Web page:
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whatmichaelsays last won the day on December 21 2022

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  1. Main reason was they felt they weren't getting the value they hoped for / the value they got from other channels for the price. The lower price in year two made it more palatable, but not to commit long term. They also felt that the relationship was very transactional - Wigan were happy to take the cheque, but there wasn't a lot done on their part to try and further the relationship until renewal time. This is one area where, in my experience, the commercial team at Leeds are exceptional - and it is probably why sponsors like Leeds Building Society, Arla, Berry's, Global, Tetley's etc have stuck around fin one capacity or another or so long.
  2. A previous client of mine had a stint as Wigan's main shirt sponsor (think of a numbers game played in a Saudi Arabian city and you're on the right lines). They were offered the second year for absolute buttons when they initially declined to renew.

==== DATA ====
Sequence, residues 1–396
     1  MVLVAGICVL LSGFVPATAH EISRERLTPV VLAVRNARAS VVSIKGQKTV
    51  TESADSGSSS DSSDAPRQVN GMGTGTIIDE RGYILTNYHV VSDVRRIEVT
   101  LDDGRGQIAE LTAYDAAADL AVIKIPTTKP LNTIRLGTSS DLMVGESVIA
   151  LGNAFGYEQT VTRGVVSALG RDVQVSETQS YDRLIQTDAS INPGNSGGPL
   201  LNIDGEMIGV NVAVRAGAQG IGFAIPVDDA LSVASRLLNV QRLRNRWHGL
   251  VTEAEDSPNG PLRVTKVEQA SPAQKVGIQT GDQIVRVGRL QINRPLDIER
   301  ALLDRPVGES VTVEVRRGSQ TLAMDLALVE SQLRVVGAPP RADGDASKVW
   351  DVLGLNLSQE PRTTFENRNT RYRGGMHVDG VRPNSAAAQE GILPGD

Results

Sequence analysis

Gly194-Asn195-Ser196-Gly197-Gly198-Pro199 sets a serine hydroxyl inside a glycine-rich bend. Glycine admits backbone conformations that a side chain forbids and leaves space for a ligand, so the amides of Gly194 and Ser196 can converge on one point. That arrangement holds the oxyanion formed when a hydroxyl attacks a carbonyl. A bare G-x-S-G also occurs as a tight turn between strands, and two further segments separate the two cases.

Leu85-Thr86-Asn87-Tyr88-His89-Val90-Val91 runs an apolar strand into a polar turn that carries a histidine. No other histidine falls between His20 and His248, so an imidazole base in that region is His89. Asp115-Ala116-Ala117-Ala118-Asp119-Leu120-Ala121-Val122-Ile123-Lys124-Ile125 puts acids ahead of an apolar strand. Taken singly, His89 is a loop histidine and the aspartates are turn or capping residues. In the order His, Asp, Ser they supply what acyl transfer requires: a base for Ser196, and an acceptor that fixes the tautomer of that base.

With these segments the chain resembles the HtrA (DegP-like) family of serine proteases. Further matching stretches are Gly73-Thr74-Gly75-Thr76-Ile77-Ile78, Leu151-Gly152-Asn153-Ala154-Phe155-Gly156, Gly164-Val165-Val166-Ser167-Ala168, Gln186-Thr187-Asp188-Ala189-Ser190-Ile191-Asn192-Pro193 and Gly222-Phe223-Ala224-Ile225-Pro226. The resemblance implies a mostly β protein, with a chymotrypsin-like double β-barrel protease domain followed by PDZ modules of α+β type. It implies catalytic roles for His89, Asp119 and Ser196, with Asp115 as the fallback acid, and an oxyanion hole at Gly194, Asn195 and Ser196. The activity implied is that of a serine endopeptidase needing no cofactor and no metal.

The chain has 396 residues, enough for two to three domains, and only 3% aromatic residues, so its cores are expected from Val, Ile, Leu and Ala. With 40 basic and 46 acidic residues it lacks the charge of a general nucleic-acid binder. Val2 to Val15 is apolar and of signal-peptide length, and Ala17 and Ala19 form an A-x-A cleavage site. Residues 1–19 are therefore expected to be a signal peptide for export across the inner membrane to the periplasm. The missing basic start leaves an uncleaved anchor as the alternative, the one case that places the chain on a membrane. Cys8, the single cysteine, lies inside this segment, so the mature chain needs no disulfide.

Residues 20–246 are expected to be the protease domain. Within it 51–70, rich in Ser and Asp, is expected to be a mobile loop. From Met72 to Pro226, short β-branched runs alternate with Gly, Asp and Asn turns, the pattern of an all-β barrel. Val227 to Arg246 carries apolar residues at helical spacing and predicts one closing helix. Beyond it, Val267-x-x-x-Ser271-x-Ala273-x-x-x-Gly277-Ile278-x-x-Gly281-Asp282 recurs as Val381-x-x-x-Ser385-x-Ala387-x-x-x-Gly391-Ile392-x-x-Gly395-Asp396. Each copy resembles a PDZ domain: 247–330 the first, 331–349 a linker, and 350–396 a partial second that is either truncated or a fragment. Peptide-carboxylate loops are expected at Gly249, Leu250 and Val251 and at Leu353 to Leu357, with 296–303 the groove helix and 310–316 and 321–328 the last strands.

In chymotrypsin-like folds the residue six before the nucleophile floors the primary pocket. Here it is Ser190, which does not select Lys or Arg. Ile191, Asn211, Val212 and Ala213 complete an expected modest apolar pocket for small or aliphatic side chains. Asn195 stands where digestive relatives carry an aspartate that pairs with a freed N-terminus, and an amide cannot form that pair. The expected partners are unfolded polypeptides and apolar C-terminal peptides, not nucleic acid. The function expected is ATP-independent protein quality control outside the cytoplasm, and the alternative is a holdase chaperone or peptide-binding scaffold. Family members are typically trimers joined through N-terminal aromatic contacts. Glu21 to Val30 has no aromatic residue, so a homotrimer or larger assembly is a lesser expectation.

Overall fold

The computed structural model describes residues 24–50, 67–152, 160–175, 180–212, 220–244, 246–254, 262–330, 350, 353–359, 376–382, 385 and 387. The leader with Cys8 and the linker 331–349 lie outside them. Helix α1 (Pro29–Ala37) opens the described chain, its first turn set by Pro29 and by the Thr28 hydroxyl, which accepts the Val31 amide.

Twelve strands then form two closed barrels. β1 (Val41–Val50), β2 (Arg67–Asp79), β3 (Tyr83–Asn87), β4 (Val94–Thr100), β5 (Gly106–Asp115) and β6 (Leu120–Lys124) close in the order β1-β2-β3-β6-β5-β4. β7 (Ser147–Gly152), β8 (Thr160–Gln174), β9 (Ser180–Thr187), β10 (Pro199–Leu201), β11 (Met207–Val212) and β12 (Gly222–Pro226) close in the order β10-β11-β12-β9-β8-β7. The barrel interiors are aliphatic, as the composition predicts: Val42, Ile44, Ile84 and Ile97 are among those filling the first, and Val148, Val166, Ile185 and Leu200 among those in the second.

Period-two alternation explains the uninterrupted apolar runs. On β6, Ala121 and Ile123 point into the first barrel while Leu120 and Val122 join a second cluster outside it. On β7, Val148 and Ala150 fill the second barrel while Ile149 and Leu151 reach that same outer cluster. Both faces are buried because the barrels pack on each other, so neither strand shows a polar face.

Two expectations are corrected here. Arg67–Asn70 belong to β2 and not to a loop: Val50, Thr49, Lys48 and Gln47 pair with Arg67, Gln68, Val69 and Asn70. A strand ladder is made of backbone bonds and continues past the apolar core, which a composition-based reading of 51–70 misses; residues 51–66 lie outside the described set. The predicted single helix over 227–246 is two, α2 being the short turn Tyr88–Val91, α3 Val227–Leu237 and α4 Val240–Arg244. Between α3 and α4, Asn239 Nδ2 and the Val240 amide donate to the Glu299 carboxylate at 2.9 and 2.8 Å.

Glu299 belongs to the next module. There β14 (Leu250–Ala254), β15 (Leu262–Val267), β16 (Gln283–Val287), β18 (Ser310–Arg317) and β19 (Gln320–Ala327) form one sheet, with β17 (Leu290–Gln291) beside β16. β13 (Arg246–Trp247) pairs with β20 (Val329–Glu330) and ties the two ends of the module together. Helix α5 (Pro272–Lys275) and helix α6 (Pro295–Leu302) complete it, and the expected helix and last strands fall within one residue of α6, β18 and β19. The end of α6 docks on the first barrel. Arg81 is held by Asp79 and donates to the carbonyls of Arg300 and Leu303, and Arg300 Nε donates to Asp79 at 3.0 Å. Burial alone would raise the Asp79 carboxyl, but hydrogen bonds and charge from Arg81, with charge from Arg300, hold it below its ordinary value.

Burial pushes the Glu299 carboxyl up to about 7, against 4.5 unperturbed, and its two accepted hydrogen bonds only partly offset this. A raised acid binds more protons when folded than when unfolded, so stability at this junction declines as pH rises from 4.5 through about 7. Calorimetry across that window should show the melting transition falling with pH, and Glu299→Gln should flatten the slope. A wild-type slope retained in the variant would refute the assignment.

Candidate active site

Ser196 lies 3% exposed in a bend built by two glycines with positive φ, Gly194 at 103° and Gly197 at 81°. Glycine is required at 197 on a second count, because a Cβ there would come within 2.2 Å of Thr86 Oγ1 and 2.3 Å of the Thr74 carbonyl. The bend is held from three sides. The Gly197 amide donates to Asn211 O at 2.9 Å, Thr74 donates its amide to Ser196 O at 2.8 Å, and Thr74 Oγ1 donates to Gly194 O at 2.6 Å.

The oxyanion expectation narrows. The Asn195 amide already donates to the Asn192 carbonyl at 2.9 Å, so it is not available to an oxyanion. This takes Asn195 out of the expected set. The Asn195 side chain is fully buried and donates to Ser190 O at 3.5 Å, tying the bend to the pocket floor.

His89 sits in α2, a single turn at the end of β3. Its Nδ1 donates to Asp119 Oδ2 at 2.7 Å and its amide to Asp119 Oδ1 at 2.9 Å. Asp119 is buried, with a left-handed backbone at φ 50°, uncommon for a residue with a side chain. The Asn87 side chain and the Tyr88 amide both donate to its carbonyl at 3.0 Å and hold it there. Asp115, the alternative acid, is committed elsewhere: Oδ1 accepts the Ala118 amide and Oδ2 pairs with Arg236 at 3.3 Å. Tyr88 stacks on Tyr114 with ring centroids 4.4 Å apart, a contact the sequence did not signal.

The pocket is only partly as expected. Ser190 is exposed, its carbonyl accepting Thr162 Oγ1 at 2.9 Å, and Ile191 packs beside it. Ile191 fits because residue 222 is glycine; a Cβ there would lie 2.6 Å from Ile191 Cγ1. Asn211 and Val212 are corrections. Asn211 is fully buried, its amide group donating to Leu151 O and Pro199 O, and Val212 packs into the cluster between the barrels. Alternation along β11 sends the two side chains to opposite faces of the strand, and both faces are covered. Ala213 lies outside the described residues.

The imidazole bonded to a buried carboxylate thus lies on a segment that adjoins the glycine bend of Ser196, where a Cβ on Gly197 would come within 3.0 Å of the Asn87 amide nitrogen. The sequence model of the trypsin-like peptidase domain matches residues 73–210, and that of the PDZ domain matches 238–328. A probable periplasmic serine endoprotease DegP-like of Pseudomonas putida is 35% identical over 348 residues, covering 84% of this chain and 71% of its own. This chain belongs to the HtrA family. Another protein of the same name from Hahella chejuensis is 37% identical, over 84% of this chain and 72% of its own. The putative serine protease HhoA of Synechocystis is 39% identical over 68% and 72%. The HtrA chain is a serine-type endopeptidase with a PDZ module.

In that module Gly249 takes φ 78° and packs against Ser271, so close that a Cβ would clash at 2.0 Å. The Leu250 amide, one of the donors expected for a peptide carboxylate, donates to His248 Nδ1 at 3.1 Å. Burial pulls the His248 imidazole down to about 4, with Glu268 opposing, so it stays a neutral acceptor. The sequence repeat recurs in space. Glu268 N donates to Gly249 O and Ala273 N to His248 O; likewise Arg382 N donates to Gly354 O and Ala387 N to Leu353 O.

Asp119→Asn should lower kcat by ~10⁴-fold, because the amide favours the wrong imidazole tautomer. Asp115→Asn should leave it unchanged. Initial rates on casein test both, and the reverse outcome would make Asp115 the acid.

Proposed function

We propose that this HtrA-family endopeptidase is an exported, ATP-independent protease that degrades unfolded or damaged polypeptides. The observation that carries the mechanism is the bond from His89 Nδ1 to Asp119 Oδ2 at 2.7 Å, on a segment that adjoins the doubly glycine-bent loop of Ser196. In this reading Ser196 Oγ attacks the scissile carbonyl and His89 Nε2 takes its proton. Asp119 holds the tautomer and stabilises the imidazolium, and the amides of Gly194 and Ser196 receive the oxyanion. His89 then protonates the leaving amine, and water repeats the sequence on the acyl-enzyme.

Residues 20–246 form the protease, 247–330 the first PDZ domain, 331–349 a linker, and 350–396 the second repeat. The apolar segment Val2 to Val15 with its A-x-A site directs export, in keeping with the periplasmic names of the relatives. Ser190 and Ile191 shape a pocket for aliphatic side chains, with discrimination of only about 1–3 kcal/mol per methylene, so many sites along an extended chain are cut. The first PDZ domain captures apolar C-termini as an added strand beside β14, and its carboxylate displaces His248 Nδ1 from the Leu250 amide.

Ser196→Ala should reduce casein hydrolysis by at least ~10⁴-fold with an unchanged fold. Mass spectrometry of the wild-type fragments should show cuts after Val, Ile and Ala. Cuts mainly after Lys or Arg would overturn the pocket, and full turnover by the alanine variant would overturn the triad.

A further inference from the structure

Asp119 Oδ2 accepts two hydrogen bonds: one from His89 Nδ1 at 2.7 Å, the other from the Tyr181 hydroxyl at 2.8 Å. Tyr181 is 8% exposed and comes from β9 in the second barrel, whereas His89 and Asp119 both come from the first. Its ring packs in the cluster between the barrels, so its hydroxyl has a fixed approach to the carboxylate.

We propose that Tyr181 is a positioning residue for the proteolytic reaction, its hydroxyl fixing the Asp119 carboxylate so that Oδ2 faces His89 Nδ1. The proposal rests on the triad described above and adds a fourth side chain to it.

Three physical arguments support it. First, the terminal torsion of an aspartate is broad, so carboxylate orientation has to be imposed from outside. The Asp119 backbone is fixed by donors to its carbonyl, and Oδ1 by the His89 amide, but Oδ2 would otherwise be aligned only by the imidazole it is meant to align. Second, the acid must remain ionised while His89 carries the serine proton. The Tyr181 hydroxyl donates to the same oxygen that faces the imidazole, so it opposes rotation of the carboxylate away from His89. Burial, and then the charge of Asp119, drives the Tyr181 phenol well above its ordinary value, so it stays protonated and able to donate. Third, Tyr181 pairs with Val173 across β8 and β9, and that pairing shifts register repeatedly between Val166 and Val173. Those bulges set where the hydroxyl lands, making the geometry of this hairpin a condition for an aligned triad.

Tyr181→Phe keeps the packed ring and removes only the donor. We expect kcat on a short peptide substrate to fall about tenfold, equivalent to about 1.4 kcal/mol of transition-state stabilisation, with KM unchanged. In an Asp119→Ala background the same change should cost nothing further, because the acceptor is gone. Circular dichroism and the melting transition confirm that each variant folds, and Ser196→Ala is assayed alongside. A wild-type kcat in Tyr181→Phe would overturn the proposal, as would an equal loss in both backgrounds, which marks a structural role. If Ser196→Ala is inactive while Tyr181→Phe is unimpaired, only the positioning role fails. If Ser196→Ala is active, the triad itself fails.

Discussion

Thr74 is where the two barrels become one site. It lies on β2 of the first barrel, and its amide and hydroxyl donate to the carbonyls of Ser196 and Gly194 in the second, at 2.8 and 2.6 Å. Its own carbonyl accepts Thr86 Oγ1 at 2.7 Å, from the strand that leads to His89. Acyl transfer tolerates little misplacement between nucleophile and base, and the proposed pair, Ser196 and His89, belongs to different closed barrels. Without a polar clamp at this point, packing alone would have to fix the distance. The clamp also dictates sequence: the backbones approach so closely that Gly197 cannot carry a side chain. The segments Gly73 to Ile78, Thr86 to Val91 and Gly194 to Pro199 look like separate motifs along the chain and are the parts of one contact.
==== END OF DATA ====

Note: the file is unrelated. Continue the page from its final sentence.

3. In fairness to Brierley, the players are stakeholders in this sport too and, it seems, ones who are rarely consulted on how the game operates. You could argue that's down to the players union to be stronger, but I would wager that there are a number of issues within the game, commercial and non-commercial, that wouldn't be harmed by some player input. Even the Premier League listens to representations from club captains..
  4. Completely agree. I don't doubt that there are some ambitious and aspirational people within the sport - they're just not in places of influence. The sport just seems to be run by accountants who want to manage the decline, with no effort whatsoever going into increasing our audience, our market share and with it, the revenue from sponsors and broadcasters. It's all about just trying to serve the same, declining pool of people over and over again as cheaply as possible. You can't be angry that Sky don't want to pay more for that, or that the only businessman wanting to get seriously involved with the sport is Fred Done. It's just sad.